from the root wil\yah, which involves planning, governance and

authority. In all of these duties, the men and women of the Muslim

Community supported and strengthened each other, creating a strong,

balanced, just, and pious society, as All\h praises them in the above

\yah.

Women played very important roles in the build-up of Isl\mic history

alongside their brothers in Faith. Isl\m from the very start was a

struggle; believers were punished and persecuted for their Faith, and

had to suffer loss and even leave their beloved homes. But through all

of these trials, men and women stood firm and true to their Lord, and

He recognised the sacrifices of each of them:

33


“So their Lord answered their (prayer):

‘Never will I suffer to be lost the work of any of you,

male or female: you are members, one of another;

those who have left their homes,

and were driven out therefrom,

and suffered harm in My Cause,

and fought and were slain,

I will of a surety blot out from them their iniquities,

and of a surety admit them into Gardens beneath

which rivers flow – a reward from All\h.

And with All\h is the best of rewards.’”

Qur’\n 3:195

It is the pinnacle of servitude and commitment to All\h to promote and

uphold His D|n knowing full well the consequences to be torture and

death. The following is a case of this.

Muj\hid narrates, ‘The first to announce their faith to all were

seven in number. They were: the Messenger r, Ab[ Bakr,

Bil\l, Khabb\b, %uhayb, `Amm\r and Sumayyah y. Out of

whom, due to the families of the Messenger r and Ab[ Bakr

t, the kuff\r were restricted in torturing them. The rest

however were not so fortunate. Armour was put directly onto

their bodies and they were forced to lie on the desert floor

throughout the day. To such extents they were tortured that

their pain and suffering had reached all excruciating levels.

They screamed out readiness to whatever demands were

placed before them. In the evenings the people would come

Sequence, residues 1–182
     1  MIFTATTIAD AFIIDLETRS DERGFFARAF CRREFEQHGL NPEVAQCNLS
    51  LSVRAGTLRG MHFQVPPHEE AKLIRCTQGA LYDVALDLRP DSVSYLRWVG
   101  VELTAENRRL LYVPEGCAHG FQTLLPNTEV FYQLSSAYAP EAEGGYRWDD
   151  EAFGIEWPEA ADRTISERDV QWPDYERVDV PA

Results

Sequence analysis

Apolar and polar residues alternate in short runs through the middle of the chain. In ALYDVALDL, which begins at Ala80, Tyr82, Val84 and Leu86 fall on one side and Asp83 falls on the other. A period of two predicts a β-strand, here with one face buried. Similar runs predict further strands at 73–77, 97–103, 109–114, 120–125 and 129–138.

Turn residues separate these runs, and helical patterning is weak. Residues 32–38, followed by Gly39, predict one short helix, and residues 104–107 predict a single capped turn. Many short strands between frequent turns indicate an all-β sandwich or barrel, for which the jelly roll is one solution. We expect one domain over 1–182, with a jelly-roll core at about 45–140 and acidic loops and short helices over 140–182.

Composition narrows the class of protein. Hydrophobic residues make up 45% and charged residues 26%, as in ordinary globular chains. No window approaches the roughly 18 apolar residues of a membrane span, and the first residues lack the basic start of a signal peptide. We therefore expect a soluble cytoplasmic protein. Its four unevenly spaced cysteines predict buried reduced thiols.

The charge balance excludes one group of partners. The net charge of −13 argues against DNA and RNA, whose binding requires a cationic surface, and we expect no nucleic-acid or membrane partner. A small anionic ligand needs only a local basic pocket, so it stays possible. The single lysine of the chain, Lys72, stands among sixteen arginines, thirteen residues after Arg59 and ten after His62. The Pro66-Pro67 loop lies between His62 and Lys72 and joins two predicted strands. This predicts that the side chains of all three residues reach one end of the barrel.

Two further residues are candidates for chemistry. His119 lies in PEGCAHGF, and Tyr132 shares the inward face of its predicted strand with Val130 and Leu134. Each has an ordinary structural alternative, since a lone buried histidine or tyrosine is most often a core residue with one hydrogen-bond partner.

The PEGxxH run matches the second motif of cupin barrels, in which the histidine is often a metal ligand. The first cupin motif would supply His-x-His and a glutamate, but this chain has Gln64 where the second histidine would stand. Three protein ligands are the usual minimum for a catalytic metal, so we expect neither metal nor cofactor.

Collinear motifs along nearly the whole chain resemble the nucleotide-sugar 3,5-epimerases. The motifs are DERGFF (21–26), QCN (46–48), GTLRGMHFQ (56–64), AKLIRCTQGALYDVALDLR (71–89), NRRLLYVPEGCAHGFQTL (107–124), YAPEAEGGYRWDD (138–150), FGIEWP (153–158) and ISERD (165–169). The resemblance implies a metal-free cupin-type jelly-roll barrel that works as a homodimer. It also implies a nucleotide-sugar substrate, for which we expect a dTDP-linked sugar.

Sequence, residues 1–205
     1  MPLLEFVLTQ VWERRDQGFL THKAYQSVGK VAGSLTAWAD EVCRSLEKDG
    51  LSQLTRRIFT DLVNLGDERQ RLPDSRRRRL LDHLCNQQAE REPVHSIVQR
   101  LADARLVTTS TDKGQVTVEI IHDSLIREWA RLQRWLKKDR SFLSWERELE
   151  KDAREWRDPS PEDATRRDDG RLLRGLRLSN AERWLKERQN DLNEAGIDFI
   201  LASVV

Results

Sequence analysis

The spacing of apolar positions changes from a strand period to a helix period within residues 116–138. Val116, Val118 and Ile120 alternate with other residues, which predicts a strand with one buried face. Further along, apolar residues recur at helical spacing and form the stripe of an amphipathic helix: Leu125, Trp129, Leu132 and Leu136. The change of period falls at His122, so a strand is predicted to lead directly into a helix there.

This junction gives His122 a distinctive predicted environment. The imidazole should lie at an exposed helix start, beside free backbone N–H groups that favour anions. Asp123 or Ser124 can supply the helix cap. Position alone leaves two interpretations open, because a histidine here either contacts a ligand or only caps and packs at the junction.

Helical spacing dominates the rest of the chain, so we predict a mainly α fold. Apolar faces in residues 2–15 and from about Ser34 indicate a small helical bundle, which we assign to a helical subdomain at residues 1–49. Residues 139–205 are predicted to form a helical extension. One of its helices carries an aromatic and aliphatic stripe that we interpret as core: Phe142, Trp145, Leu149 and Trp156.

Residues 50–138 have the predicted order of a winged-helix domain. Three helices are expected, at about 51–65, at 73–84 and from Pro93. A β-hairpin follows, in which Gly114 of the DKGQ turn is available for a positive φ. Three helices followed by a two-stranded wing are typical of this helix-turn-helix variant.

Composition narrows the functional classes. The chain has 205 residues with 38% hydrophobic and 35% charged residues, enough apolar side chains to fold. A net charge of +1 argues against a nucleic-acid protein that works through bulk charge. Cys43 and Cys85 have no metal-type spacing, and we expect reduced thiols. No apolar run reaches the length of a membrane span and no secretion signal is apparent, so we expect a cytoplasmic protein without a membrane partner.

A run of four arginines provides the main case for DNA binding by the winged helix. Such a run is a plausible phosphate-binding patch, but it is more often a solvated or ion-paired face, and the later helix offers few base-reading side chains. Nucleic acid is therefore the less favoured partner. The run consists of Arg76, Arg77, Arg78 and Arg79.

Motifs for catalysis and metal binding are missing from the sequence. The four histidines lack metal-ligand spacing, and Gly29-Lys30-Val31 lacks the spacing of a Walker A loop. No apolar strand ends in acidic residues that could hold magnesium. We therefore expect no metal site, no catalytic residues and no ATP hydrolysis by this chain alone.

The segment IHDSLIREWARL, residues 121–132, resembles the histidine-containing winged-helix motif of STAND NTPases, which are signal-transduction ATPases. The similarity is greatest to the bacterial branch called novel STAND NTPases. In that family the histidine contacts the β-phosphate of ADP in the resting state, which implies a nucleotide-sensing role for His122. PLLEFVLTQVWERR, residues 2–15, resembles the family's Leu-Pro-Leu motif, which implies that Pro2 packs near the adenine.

with formed skin containers filled with water and throw them

in there. Thereafter they would make them carry these heavy

loads.

While this was continuing, one day Ab[ Jahl impaled

Sumayyah y in the most private part of her body taunting her

34


through her painful dying moments, in which she continued

calling out to All\h. She became the first person to die for All\h

and Isl\m.’

Mu]annaf Ibn Ab| Shaybah

Isl\m excuses women from taking a fighting role in warfare. However,

at the time of necessity women are indeed instructed to take arms to

defend themselves and others. History bears witness that at times

women have upheld this duty even better than their male

counterparts.

During the battle of Khandaq (the battle of the trench, which

was a siege conducted by the pagan Arabs against the Muslims

around Mad|nah, in the 5th year A.H.), the Messenger r was

accompanied by almost all the male %a#\bah, leaving only one

to look after the women in Mad|nah, who had all gathered in

one of the forts. This he did without the Jews knowing.

However during the face-off the Jews began to suspect that

there were no men protecting the women. To check they sent

a spy to the fort to see what was the case.

%afiyyah saw this Jew approach, and instructed the %a#\b|

guard to go and kill him and strip him of all things of value and

use. Unfortunately this %a#\b| was for some reason unable to

do that. So %afiyyah went and killed him. She returned and

said to this %a#\b| to go and remove all items from him and